SALT LAKE CITY - It kind of reads like a breakup letter to Utah's beer drinkers.
Anheuser-Busch, a part of the world's largest brewery, has put Utah beer wholesalers on notice that in 2018, there may be fewer brands on store shelves as it stops making 3.2 beer. That's because Oklahoma, Colorado and Kansas -- who represent more than 60% of the total 3.2 beer drinkers in America -- are all moving to sales of heavier brews in 2018 and 2019.
"Once the changes take effect, Utah will be the largest consumer of 3.2% ABW beer, and 3.2% ABW beer will make up only 0.5% of the entire beer sales in the United States," the Dec. 1 letter, obtained by FOX 13, states.
"Given this reality, we are beginning a process to evaluate our 3.2% ABW beer portfolio, including considering package reductions up to 40% of those currently offered to Utah consumers. This would mean a decline from 113 packages to less than 70, and going from a range of 20 brands to 12."
Put another way, Anheuser-Busch said, the reduction in projects means that Utah consumers would be offered less than 6% of the packages sold to the rest of the nation. The letter does not state which brands, from Budweiser and Michelob to Shock Top, it could potentially drop.
"MillerCoors is telling me basically the same thing that Anheuser-Busch has been stating," Jim Olsen, the president of the Utah Beer Wholesalers Association, told FOX 13. "They're looking at it and there will be some reductions in the number of products they produce."
The Utah State Legislature has been looking at moving higher point beers out of state-run liquor stores and into grocery and convenience stores. It would require a change to the legal definition of "beer." Utah's Department of Alcoholic Beverage Control has told lawmakers it could not handle the increased customer volume as people flock to state stores for heavier brews.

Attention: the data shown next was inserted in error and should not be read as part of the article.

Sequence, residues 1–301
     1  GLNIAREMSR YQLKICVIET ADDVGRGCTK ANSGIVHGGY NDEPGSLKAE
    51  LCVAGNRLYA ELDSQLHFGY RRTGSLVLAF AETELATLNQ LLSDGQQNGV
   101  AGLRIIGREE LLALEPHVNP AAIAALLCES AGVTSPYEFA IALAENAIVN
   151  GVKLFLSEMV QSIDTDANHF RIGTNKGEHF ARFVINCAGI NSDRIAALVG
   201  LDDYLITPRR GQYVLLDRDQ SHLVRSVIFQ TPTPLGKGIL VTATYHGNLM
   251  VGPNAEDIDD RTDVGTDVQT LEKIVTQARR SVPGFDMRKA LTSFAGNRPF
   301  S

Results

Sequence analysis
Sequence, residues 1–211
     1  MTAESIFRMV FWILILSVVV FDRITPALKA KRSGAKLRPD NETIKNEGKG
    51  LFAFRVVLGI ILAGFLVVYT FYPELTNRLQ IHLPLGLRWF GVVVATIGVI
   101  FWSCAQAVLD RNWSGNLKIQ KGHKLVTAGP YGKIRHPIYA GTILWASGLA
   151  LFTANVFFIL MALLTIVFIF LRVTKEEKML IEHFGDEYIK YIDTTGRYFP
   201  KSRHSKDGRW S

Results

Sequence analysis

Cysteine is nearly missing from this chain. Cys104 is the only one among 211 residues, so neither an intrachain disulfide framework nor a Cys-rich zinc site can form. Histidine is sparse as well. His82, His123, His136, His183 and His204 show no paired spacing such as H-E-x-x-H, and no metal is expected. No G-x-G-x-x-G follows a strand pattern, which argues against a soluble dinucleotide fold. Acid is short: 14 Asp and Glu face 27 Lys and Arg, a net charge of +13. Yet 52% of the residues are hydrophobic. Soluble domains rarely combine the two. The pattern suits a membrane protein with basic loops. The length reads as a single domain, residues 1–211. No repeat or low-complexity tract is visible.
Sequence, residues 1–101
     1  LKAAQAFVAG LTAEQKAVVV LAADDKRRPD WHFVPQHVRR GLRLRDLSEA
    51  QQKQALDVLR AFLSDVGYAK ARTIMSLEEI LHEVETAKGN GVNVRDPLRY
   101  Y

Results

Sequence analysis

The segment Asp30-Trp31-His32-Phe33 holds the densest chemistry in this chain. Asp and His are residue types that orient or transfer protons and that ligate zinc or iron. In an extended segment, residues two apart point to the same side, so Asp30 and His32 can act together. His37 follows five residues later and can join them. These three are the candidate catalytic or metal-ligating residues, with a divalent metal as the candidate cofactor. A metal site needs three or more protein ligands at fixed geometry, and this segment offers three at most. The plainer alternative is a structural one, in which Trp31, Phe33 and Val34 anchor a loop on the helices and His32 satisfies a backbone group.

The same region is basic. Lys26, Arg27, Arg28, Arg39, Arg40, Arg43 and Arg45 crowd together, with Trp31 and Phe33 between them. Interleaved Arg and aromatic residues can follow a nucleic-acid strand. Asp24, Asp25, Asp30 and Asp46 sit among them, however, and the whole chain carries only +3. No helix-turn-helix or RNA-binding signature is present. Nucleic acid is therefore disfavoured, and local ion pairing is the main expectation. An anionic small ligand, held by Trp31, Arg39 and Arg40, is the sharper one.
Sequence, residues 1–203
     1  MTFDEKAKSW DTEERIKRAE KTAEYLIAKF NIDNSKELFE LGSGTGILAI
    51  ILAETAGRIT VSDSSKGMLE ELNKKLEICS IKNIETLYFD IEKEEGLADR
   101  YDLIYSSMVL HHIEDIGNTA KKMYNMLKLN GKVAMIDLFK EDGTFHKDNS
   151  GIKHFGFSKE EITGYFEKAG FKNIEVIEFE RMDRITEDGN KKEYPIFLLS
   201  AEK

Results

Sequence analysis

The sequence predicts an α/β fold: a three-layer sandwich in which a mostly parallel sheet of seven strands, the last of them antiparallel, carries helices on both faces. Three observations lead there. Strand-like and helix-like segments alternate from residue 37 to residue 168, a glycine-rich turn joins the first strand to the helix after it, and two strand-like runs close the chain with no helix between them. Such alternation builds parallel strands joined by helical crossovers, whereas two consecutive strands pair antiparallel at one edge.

Still, if lawmakers don't drop 3.2 beer, the head of the DABC commission believes it would benefit local brewers.
"I think it's a boon to the craft beer industry in Utah to fill that void, and they can do it very well," said DABC Commission Chairman John Nielsen. "But that's entirely up to the legislature if they want to give more leeway for heavy beer to be sold in grocery and convenience stores in Utah. I just don't know what they're going to do."
Olsen said he doesn't believe Utah beer manufacturers could handle the drop in sales from big names like Budweiser, Coors and Miller.
"When you're talking 32 million gallons of beer sold in Utah, the craft brewers just don't have the capacity or physical facilities to produce that kind of volume," he said.
Lawmakers have been looking at the problem. Sen. Jerry Stevenson, R-Layton, said he and House Majority Leader Brad Wilson, R-Kaysville, visited grocery and convenience stores recently to talk about heavier beer sales.
But Sen. Stevenson said there is some fatigue on Utah's Capitol Hill to engage in another debate over alcohol policy. Last year, the state legislature passed a massive liquor bill that did, among other things, tear down "Zion Curtains" that prevented you from seeing drinks made in restaurants.
Sen. Stevenson said they have a little time to address it (Oklahoma's law change takes effect October 2018), but he acknowledged the legislature would hear from angry beer drinkers if their favorite brands vanished from store shelves.
"That's very possible it may not be handled this year," Sen. Stevenson told FOX 13. "And yet, I'm not sure it makes a lot of sense to push this until we have a -- let's call it a 'violent market reaction' to not having products on the shelf."